Differentiated Instruction: One Approach to Help Students

Dr. Karla Bester is an experienced educator with over 20 years of experience in the classroom who currently works as a Director of Programs for an education company.

Meet your students where they are and celebrate each child's unique gifts and needs with these differentiated instruction concepts.

Differentiated Instruction: One Approach to Help Students

Before the pandemic, the need for differentiated instruction in the learning environment was understood by teachers. But the shift from in-person to online learning impacted instructional strategies, affecting students, teachers, parents, and more. This tremendous change in education exposed and exacerbated existing inequalities in the education system.

To help transform the education system, educators must find ways to meet the wide range of academic needs in their current classrooms. Differentiating instructions and lessons can help to meet the learning needs of each student. This teaching strategy recognizes that students have different learning styles and abilities, and therefore require different approaches to learning.

Here are a few questions and tips that will help educators prepare for differentiated instruction in a mixed-ability classroom. 

What is Differentiated Instruction?

Differentiated instruction is the means of presenting the same learning materials in various ways, allowing students to access the information in a way that is optimal for their learning. It is not remediation. Different types of differentiated instruction strategies can help the individual needs of learners. These include content differentiation, process differentiation, and product differentiation.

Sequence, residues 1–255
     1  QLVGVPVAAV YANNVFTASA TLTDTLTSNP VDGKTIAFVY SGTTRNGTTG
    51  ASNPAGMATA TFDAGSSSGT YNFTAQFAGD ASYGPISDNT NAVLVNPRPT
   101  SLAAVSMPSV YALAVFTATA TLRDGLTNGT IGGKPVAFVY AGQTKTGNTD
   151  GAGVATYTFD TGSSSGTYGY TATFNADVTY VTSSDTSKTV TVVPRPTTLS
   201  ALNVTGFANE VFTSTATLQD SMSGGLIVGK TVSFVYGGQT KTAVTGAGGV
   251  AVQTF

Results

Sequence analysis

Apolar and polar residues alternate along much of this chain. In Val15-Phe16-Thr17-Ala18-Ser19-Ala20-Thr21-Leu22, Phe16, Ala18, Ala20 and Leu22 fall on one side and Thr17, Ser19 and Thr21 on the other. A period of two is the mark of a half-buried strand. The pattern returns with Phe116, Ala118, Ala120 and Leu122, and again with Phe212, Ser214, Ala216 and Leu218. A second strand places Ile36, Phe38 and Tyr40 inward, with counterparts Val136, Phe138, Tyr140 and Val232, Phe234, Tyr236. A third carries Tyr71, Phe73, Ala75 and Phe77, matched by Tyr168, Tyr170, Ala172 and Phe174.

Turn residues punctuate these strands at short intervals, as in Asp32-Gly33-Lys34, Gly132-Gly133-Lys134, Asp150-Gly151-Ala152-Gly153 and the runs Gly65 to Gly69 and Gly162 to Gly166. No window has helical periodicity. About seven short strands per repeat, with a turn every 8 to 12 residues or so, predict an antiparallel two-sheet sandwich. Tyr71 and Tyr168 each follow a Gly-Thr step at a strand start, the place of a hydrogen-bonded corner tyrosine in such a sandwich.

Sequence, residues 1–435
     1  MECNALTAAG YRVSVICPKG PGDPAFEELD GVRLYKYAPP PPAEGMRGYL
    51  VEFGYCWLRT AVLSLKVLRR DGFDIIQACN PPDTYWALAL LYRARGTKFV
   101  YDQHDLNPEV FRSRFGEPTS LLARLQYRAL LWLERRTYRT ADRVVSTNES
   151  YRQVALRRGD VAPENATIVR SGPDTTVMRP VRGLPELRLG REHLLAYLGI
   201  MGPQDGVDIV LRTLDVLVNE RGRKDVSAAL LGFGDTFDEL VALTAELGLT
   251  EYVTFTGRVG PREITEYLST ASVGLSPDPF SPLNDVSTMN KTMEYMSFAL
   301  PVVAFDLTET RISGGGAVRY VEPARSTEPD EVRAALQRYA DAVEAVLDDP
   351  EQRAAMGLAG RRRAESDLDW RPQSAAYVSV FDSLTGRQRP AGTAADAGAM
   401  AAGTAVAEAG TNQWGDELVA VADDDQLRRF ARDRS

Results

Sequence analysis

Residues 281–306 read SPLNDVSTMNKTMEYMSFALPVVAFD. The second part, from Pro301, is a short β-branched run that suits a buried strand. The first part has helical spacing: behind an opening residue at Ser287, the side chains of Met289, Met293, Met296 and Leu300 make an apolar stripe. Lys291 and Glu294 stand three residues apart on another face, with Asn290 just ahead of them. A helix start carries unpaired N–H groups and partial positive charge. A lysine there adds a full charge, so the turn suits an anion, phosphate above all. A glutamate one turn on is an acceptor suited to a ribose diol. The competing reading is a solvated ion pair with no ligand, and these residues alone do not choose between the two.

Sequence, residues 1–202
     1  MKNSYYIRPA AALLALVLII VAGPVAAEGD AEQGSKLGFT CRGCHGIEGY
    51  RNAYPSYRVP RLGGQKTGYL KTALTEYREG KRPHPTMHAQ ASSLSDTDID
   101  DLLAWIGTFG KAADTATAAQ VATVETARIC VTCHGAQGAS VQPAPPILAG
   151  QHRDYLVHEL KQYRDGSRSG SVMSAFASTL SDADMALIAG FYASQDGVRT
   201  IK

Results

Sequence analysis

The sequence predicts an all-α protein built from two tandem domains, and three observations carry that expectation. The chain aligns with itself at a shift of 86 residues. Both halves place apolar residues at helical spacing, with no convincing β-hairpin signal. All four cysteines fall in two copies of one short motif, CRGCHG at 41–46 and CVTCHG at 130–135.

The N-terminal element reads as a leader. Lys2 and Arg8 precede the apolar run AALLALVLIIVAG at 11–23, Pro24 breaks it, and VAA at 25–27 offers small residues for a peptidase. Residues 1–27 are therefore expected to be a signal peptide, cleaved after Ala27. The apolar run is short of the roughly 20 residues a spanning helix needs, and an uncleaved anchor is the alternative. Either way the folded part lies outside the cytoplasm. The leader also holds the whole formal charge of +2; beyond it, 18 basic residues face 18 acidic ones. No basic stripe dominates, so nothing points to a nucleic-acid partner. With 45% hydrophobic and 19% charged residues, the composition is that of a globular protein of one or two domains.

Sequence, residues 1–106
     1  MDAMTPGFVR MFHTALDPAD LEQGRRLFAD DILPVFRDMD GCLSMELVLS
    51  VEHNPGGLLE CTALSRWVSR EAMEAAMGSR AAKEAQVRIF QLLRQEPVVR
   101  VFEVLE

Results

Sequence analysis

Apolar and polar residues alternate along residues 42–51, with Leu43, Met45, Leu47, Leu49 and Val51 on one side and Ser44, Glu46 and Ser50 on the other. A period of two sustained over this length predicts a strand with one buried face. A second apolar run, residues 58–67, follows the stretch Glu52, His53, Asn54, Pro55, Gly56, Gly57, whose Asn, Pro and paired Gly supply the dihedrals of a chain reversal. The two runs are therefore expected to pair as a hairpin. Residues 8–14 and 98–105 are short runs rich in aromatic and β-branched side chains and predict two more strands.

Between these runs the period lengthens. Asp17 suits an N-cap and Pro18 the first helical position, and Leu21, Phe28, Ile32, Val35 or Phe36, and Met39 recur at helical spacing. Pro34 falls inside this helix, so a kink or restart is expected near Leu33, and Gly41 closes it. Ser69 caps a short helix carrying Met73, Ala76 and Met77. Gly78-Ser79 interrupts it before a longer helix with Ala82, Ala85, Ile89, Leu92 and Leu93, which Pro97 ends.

Content differentiation

Content differentiation involves presenting the same material in different ways that suit the individual student’s learning preferences. For example, a history lesson plan made with content differentiation may involve the use of documentaries, articles, videos, textbooks, and other books to present the material. This way, students with visual, auditory, or kinesthetic learning profiles are catered to.

Process differentiation

In process differentiation, a teacher considers the needs of all learners and adapts their teaching approach. For instance, when the whole class takes a test, not everyone has the same level of understanding. Teachers who practice process differentiation assign different activities to different students based on their ability levels. These assessments provide students with a variety of ways to demonstrate their understanding.

Product differentiation

Product differentiation is used to evaluate student progress and performance. Rather than having all students perform the same task at the end of a unit, teachers give their class a choice of assignments that can be tailored to students’ strengths and interests.

Questions Educators should consider when planning for Differentiation:

As a teacher, planning for a differentiated classroom can be a daunting task. However, differentiated instruction is crucial for the success of a mixed-ability classroom. The following questions can help you effectively plan for differentiated instruction in the classroom and meet the learning needs of your students:

1. What are the learning goals for the lesson/unit?

Establishing what students should know or understand after completing the lesson is essential. This enables you to create learning goals that are manageable yet challenging for all learners, regardless of their ability levels.

2. What prior knowledge do my students have?